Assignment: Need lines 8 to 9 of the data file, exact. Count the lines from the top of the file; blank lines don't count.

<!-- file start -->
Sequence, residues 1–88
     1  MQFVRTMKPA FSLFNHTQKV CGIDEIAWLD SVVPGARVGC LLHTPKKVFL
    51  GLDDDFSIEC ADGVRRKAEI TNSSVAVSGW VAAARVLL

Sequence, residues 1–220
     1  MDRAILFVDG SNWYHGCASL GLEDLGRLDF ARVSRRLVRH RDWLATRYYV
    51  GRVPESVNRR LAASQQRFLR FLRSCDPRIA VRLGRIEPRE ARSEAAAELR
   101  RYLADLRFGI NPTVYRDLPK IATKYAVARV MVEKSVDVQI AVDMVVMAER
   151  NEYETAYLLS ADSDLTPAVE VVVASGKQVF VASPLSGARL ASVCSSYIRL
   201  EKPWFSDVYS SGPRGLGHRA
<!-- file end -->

   151  NEYETAYLLS ADSDLTPAVE VVVASGKQVF VASPLSGARL ASVCSSYIRL
   201  EKPWFSDVYS SGPRGLGHRA